AT NO TIME since the taxpayers imposed a cap on spending and taxes has the Manchester Board of Mayor and Aldermen been able to tax and spend so much under the cap. Still, it was not enough for the big spenders at City Hall.

Despite increasing taxes and spending more than at any time since the cap was imposed, Mayor Joyce Craig urged the board in her budget address to override the cap to fund shortfalls in health insurance, severance and raises that she, despite the record increases, couldn’t figure out how to fund.

What she did fund was “step” and “longevity” pay raises for unions whose contracts expire on June 30th. The city is not obligated to fund raises in expired contracts but she bragged about doing it, guaranteeing recipients at least a 3% raise, not counting any cost of living raise.

She also funded dozens of vacant positions, though neither she nor the city’s finance nor human resources offices were able to identify how much that cost in response to a Right to Know request.

In addition to this record increase in taxes and spending under the tax cap, $52 million more in COVID-19 and other federal funds were spent. Instead of using that one-time money for one-time expenses, it is being used to start new programs, fund multiple new positions, extend grant-funded positions and renovate private stores and subsidize their inventories. So much of the new debt the mayor proposed in new projects could have been avoided by using these funds. Instead, the taxpayers are now on the hook for millions more in unnecessary debt.

Board of Alderman Chairman Pat Long (Ward 3) made a bad situation worse. With the complicity of the mayor, Long proposed several amendments to her budget at the board’s meeting of May 17. Rather than put the changes on the table for a vote at its next meeting so that the public could see and comment on the proposals, the changes were rammed through in a clearly orchestrated manner. Had aldermen Joe Kelly Levasseur (at-Large) and Ed Sapienza (Ward 8) not asked the questions they asked, there would have been absolutely no discussion of the proposed changes.

Among those changes was a $2 million cut to the school district’s budget. Long justified it, saying the district will receive a $5.2 million increase in state funding thanks to recently passed legislation. Expect the board to appropriate and give that revenue to the schools once it’s available, thus giving the district a $3.2 million increase in funding, not a $2 million cut. That’s money that could have lowered taxes for the taxpayer during this time of record inflation.

That $2 million “cut” was given to the “city-side” of the budget to add more new positions, all critical of course. In addition, the aldermen overrode the tax cap to pad the severance account, which is tapped every time someone retires from city service, and fund a massive increase in the contingency account, over $3.1 million, which will likely be doled out in more pay raises as the city settles contracts with its various unions.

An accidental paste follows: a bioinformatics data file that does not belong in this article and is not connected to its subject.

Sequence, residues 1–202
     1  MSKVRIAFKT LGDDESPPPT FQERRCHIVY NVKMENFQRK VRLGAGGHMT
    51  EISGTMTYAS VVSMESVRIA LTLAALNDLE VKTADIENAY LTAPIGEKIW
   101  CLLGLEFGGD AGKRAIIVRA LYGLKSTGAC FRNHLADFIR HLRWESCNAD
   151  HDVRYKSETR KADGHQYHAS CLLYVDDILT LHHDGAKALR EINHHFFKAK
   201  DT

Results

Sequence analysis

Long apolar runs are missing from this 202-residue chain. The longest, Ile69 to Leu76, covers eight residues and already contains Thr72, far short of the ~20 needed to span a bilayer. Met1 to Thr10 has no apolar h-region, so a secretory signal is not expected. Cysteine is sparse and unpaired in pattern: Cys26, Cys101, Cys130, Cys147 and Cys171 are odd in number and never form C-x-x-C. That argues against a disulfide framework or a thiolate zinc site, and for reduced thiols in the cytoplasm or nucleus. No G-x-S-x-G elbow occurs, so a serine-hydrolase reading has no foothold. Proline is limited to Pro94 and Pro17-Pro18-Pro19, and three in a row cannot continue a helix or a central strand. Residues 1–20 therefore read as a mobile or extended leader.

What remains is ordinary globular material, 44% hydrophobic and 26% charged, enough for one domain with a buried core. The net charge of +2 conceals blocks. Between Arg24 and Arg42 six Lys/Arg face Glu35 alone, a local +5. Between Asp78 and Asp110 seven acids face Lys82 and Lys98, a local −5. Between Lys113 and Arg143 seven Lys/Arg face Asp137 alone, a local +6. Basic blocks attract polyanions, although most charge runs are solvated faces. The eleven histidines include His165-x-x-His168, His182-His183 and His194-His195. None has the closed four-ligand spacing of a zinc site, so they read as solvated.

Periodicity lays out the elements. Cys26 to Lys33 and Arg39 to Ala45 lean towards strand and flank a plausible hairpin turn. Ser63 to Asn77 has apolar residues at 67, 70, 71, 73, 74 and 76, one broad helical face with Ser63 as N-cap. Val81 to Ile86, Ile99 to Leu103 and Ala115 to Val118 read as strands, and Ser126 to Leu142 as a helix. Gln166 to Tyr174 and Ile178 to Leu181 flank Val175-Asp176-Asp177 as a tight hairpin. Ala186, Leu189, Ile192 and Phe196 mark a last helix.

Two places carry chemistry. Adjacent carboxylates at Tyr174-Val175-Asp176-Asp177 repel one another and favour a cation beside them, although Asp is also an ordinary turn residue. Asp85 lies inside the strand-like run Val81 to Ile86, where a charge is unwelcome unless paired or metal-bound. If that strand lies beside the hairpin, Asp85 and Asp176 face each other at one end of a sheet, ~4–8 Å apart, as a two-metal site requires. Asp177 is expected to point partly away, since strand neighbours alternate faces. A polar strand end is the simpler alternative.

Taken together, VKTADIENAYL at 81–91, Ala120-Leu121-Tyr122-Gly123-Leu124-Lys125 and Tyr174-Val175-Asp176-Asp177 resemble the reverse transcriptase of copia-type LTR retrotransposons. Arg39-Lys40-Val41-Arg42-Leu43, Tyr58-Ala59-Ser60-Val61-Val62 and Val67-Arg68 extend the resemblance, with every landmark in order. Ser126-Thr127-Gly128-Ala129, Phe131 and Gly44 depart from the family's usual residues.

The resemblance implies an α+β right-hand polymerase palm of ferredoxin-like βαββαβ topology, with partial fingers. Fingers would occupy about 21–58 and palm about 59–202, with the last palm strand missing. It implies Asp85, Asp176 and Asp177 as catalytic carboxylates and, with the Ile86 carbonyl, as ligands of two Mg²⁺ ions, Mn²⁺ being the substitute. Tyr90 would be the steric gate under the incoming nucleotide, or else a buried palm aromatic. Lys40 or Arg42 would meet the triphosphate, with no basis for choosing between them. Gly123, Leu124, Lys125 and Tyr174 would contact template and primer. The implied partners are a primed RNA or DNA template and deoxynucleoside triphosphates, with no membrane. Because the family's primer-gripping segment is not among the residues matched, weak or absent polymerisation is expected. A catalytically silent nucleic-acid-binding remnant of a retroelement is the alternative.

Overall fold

Of the tax cap override, Alderman Kevin Cavanaugh (Ward 1) praised the board, likening the override to a business “investing profits.” How a city raising more taxes is like a business investing profits is a session I must have missed in my public finance course.

Not to be outdone, Mayor Craig commended aldermen for adopting a budget that would “maintain and grow critical city services…while balancing the fiscal constraints of our residents.” Right. Overriding the tax cap to increase taxes and spending by more than it allowed is incontrovertible evidence that “the fiscal constraints of our residents” were seen, respected and honored, especially after the massive hit home owners took in the revaluation and the prior budget’s tax hike which was triple what the Mayor and Board of Aldermen projected.

The only honest thing said by Mayor Craig was that this budget grew government, especially when considered alongside the massive infusion of federal funds that the mayor, aldermen and school board squandered to grab headlines during an election.

It seems that all we have to show for the radically higher taxes and spending is radically higher taxes and spending, doesn’t it?

Let this be a call to arms for Manchester’s fed-up taxpayers. The time to think about running for office is now, not next year. How can I help?

Richard H. Girard is publisher of and lives in Manchester. Girard is a former alderman, school board member and mayoral candidate in 2021.

As originally published in the NH Union Leader